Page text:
Researchers battle Parkinson’s disease using mouse model
Parkinson’s disease may prove to be no match for a team of UH researchers at the Center of Nuclear Receptors and Cell Signaling.
CNRCS Director Jan-Åke Gustafsson and professor Margaret Warner, along with their team of researchers, have found a link between beta-sitosterol — present in many plants and good for preventing cholesterol absorption from one’s diet — and ALS-Parkinson’s disease. This discovery may aid in the fight against Parkinson’s and was recently published in Proceedings of the National Academy of Sciences.
Parkinson’s disease is a chronic progressive neurological disease linked to a decrease in dopamine, production in the substantia nigra and marked by tremors in resting muscles, rigidity, slowness of movement, impaired balance and a shuffling gait.
“If ALS-Parkinson’s patients do have a defect in LXRbeta signaling, they will benefit from pharmaceuticals which target signaling of this receptor. Many such drugs are being developed at present,” Warner said.
Gustafsson has had a long-standing interest in nuclear receptors because they are activated by the small molecules like hormones, and medication can be developed to increase or decrease their activity. In 1995, Gustafsson’s lab discovered two novel nuclear receptors — one was LXRbeta. An efficient way to unmask the function of the newly discovered genes is to use gene technology to eliminate the hormone in mice and see what happens.
“The receptor continues to show promise as a potential therapeutic target for this disease, as well as other neurological disorders,” Gustafsson said in a press release for HealthNewsDigest.com. “LXRbeta performs an important function in the development of the central nervous system, and our work indicates that the presence of LXRbeta promotes the survival of dopaminergic neurons, which are the main source of dopamine in the central nervous system.”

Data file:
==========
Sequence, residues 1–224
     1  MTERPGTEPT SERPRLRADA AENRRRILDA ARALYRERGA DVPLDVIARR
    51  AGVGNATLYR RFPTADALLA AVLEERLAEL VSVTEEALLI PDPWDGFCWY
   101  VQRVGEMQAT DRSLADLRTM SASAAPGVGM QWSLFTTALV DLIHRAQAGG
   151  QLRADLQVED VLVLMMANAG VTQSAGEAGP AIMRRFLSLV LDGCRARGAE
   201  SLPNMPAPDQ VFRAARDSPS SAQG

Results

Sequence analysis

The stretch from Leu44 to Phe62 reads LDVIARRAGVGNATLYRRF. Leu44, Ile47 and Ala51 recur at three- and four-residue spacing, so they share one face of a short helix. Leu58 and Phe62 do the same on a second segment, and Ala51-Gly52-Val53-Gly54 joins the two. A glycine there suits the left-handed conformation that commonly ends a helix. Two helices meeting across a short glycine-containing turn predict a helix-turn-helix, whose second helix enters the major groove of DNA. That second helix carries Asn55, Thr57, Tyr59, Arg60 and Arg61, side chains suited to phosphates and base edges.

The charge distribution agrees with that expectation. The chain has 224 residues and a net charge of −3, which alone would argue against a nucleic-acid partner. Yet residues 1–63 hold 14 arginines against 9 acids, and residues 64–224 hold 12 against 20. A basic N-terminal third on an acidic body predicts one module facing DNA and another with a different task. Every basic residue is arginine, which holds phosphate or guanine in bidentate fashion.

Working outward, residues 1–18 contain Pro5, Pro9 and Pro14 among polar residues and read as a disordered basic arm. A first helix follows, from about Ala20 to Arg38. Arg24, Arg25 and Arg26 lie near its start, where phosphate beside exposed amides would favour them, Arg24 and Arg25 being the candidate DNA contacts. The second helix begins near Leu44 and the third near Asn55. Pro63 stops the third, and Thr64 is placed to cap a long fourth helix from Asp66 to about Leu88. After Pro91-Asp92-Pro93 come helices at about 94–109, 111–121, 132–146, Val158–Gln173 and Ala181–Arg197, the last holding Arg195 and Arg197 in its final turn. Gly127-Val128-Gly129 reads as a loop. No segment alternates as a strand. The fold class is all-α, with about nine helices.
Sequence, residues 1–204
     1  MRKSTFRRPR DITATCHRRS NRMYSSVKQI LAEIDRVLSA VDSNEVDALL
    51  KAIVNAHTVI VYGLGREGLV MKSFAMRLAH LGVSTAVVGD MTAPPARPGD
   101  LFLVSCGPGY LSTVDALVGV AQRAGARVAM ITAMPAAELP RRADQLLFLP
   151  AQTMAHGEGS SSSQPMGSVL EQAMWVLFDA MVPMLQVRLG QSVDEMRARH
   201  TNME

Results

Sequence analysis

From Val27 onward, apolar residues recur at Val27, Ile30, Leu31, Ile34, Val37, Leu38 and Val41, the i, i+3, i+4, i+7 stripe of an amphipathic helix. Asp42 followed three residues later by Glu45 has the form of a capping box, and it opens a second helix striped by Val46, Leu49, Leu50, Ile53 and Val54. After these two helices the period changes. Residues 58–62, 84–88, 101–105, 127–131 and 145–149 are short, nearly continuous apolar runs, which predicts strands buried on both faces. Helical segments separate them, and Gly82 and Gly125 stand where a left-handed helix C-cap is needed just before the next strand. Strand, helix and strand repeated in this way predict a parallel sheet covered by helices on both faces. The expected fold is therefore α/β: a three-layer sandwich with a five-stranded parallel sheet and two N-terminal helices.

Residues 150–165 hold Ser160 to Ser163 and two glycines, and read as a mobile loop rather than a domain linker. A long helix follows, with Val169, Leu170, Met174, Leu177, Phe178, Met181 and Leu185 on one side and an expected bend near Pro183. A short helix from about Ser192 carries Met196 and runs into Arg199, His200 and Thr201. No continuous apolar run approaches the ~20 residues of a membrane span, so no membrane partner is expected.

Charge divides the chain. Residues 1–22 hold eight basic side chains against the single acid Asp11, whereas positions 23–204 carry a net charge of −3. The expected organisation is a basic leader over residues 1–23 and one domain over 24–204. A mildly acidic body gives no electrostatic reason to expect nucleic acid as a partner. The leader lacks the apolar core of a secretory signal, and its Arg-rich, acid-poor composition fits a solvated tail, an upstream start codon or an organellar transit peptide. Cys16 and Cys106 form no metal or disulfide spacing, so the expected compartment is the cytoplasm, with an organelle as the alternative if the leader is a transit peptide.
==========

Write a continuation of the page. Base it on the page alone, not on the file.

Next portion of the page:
During World War II, ALS-Parkinson’s disease was prevalent in the Pacific Islands and Guam where there was a shortage of wheat. During that time, people had to make bread from cycad seeds, which contain a high level of beta-sitosterol.
“The reason for the susceptibility of certain people in Guam to toxicity from beta-sitosterol remained a mystery until we developed the LXRbeta knockout mice,” Warner said. “These mice develop ALS-Parkinson’s disease spontaneously as they age, and the disease is made worse if beta-sitosterol is added to their diet.”
However, it was discovered that LXRbeta knockout mice did not need to be fed beta-sitosterol to develop Parkinson’s disease. Meaning UH researchers have to look for the possibility that people develop ALS- Parkinson’s disease because of defective LXRbeta signaling.
LXRbeta is a ligand-activated nuclear receptor and one of its ligands is beta-sitosterol. This led UH researchers to conclude that an intact LXRbeta is essential to prevent development of Parkinson’s disease and that people who develop Parkinson’s disease may have a LXRbeta signaling deficiency.
The researchers are hoping that many clinics will begin to look at LXRbeta signaling in human patients to evolve theses finding for the future.
These studies are ongoing at the CNRCS in collaboration with the global authority in ALS, professor Stan Appel at the Methodist Hospital Research Institute.